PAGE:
What Are the Four Main Types of Employee Benefits?Back
Some employers offer paid parental leave. Others provide tuition reimbursement. Yet others provide pet insurance for employees’ furry friends. Outdoor clothing giant Patagonia even pays its employees two months’ pay to leave their job and volunteer for a worthy cause.
While these are all great employee perks provided by some companies, there are four types of benefits that are more commonly offered by employers and desired, or even expected, by top talent.
Medical coverage is the most common—and most essential benefit employers can offer. Major medical expenses can debilitate uninsured employees. From dental work to unexpected hospital visits, good medical coverage helps employees avoid the burden of heavy healthcare-related debt.
Employer-provided life insurance eases the financial burden on families in case of a loved one passing. This insurance can help cover funeral costs and ongoing living expenses. Similarly, if death or dismemberment of an employee is the direct result of a workplace accident, accidental death and dismemberment insurance (AD&D) pays a lump sum. If an employee has life and AD&D insurance through their employer, and they die as the result of an accident, both coverages will be paid to their families or beneficiaries. As an aside, it’s critical that employees keep beneficiary information up to date.
Short- and long-term disability insurance pays employees in case they can’t work due to injury or illness. If an employee becomes ill and is unable to work for an extended period of time, long-term disability insurance will pay them while they are home. Similarly, short-term disability insurance pays a portion of an employee’s salary if they become temporarily sick or are otherwise unable to work. Some short-term disability policies even pay for new mothers to take maternity leave. Disability insurance provides employees with much-needed income during a disabling event, and employers with peace of mind knowing the employee’s financial needs are met while they convalesce.
Nobody wants to work forever, so retirement planning is important for everyone. Some employers choose to offer retirement benefits for their employees. A study by the Bureau of Labor Statistics shows that just over half of Americans participate in a retirement plan at work.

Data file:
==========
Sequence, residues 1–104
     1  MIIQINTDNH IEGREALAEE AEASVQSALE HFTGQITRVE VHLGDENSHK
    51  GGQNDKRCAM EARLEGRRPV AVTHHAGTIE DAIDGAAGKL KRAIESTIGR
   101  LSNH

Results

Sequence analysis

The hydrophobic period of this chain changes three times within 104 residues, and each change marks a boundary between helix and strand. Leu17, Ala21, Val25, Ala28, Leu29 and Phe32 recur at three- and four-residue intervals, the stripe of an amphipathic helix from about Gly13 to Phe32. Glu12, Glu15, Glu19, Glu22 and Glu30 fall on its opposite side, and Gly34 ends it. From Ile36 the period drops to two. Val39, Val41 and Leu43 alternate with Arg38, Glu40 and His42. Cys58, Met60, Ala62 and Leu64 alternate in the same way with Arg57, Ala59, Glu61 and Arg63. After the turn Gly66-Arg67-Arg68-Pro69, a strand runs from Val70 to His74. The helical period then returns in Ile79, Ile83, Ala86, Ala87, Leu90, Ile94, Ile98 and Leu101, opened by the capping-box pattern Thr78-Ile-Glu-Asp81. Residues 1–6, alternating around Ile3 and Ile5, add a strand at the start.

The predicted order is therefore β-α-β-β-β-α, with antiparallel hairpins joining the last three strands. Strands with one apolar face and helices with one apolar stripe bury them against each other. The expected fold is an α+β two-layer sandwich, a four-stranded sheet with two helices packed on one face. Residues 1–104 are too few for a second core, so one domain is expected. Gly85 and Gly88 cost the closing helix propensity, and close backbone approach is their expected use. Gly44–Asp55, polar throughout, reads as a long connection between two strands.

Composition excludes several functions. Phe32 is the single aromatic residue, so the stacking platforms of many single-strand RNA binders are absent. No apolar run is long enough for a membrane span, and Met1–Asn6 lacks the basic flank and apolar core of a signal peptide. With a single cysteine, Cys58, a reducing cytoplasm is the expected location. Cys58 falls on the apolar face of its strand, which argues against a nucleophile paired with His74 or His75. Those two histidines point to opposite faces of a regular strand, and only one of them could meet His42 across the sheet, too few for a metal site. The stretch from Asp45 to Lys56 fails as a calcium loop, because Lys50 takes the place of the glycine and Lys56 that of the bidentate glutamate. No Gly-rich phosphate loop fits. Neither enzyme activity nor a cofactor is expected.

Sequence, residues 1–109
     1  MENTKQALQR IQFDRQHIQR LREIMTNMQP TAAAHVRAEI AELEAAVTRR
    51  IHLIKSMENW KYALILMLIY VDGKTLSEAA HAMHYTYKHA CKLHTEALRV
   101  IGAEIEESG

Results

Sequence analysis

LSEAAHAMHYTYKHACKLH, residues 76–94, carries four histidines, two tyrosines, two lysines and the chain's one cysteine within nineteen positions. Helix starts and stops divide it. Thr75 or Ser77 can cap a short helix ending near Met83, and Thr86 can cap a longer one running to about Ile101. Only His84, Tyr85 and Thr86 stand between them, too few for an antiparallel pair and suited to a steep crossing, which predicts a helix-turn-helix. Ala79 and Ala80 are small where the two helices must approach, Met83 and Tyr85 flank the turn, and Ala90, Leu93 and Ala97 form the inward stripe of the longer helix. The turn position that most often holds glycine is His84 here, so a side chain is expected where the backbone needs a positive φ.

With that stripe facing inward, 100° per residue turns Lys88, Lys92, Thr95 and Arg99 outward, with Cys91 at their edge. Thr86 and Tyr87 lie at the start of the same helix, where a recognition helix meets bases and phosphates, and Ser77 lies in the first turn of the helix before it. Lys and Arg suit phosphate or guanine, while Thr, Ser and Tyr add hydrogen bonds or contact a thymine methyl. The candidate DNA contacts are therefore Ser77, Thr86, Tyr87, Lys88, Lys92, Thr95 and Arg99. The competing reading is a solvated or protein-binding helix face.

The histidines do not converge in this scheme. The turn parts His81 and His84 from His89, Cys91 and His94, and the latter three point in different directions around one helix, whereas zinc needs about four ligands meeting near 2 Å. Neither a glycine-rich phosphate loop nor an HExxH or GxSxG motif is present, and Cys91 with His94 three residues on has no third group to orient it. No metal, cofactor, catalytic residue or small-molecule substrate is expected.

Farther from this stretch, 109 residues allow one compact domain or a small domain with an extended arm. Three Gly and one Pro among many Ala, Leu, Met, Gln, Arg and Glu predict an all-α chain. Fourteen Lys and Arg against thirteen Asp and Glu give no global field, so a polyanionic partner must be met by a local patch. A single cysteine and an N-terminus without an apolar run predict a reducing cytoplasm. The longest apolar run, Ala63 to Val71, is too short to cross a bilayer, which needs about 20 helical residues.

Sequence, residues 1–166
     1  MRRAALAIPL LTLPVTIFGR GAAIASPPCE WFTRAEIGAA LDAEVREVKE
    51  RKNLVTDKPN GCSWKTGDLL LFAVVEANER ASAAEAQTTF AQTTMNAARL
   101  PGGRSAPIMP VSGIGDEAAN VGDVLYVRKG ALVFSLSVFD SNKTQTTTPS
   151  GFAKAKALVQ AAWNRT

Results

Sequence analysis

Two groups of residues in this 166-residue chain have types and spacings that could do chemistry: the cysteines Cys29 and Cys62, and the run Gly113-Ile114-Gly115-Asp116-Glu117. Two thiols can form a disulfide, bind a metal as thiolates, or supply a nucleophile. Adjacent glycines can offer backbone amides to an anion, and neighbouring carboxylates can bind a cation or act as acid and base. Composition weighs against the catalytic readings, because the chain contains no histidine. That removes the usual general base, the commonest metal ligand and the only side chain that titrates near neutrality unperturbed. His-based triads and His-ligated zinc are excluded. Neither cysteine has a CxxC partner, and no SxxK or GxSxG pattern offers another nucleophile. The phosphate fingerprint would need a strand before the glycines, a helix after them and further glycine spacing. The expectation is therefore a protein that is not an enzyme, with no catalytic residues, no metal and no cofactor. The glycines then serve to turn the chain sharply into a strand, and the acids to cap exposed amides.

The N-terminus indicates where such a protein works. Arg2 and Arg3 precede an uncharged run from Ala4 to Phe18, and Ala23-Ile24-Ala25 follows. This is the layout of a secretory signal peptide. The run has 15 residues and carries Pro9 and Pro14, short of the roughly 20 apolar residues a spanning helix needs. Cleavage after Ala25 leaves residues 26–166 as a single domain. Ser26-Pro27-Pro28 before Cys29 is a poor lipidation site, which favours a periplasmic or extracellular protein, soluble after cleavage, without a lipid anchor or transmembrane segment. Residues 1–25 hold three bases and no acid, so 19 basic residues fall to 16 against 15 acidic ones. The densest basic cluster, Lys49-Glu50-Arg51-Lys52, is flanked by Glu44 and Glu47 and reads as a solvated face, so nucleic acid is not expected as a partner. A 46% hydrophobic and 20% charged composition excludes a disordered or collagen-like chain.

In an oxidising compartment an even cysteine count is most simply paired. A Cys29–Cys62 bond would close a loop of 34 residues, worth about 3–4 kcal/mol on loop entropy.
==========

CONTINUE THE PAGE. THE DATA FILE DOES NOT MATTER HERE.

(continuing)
The most common, the 401(k) plan, lets employees save and invest a piece of their paycheck, pretax. Employees get to watch their money grow, all based on their contribution and chosen portfolio of investments. Employers that offer 401(k) plans may even choose to match an employee’s contribution.
Other employers offer pensions which provide a set monthly income in retirement. A pre-determined formula, including years of service in the company, employee’s age and compensation, is used to determine the amount a retiree will receive each month. Both employee and employer contribute to a pension. These are common in government organizations and large companies.
*Under the Affordable Care Act (ACA) of 2010, medical benefits are required by law if an employer has more than 50 full-time employees. For the purposes of the ACA, a full-time employee is one who works at least 30 hours per week.
Medical. Life. Disability. Retirement. Four main categories of benefits that employers should consider while working to attract, hire and retain employees. Medical coverage is a pillar of financial security in the face of medical uncertainty. Life and AD&D insurance provides a little bit of peace in a time of grief and worry. Short- and long-term disability insurance eases the financial burden when the unexpected happens. And a good retirement benefit allows employees to more fully enjoy their post-employment life.
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